The other day I walked past a playground. It seemed like there were hundreds of kids playing and having a ball. They were riding bikes, running, skateboarding and playing Double Dutch. There was so much energy. Everyone and everything seemed to be moving at a thousand miles an hour. But, amidst all the laughter and youthful chatter I overheard one young boy call another a really, really, really, vulgar name, (the kind of name that got a kid’s mouth washed out with soap). I was amazed at how the young boy who was called the really, really, really, vulgar name responded. He shrugged it off and simply said, “Sticks and stones can break my bones, but words can never hurt me.” Then he ran off and initiated a game of “tag you’re it!”
I couldn’t help to stop and think if only it was this easy for people living with a drug or alcohol addiction. They are called some of the most vulgar words I have ever heard; junkie, crackhead, drunk, abuser, addict and dirty. And they don’t just shrug it off. I’m not a doctor. So I don’t fully understand the epidemiology of this disease, but I do know that these vulgar words can hurt, bring shame and lower self esteem. It can result in someone not seeking treatment because they don’t want to be labled. It can lead to families feeling ashamed and guilty.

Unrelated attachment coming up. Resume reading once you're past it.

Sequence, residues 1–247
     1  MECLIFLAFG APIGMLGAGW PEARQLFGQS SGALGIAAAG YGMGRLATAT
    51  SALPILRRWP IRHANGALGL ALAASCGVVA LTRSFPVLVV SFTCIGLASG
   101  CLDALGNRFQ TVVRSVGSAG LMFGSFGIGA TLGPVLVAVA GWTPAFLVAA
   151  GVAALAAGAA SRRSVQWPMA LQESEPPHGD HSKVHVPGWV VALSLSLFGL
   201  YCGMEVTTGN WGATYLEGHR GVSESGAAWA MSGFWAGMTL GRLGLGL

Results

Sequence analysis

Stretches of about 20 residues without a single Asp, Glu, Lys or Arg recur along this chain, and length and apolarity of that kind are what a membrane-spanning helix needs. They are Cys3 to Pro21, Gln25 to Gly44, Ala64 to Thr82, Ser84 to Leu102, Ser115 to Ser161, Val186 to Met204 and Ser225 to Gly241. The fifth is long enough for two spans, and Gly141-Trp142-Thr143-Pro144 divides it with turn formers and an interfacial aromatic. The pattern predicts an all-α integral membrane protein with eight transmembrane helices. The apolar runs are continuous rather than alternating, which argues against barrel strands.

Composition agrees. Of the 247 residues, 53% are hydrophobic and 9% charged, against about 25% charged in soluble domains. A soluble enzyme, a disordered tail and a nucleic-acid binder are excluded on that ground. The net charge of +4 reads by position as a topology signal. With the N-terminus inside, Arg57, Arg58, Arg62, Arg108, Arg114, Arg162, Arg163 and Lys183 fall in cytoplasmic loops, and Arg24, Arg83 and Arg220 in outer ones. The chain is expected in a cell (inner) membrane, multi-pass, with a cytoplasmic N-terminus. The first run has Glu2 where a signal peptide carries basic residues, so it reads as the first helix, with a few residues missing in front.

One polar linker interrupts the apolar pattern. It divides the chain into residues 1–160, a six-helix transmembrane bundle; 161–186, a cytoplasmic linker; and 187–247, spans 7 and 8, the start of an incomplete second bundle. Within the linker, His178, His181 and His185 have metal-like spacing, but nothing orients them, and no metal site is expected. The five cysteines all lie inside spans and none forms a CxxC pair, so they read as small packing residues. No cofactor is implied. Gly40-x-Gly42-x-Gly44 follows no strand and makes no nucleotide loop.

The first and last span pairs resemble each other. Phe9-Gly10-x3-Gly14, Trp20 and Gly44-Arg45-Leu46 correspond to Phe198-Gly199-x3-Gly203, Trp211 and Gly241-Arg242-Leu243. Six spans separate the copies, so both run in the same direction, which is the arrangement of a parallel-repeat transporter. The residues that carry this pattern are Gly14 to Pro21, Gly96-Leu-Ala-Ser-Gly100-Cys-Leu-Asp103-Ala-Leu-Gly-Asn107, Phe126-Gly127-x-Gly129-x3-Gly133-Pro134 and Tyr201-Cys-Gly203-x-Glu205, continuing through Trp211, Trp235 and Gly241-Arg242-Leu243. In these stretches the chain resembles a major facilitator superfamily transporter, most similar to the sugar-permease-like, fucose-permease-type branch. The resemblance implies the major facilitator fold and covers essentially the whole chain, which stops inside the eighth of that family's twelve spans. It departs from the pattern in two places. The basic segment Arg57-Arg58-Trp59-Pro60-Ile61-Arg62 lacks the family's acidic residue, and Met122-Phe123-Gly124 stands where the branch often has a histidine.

So, with the exception of this blog post, I’ve made a personal commitment to never ever use any of these words again. I challenge you to do the same. There are 1,025,109.8 words in the English language and millions more from other languages. Surely you can find more uplifting and supportive words. And if you can’t …make some up. I look forward to the day when someone has to ask, “What in the world is a junkie?”
DID YOU KNOW?
Your words have power. They can build someone up or tear them down.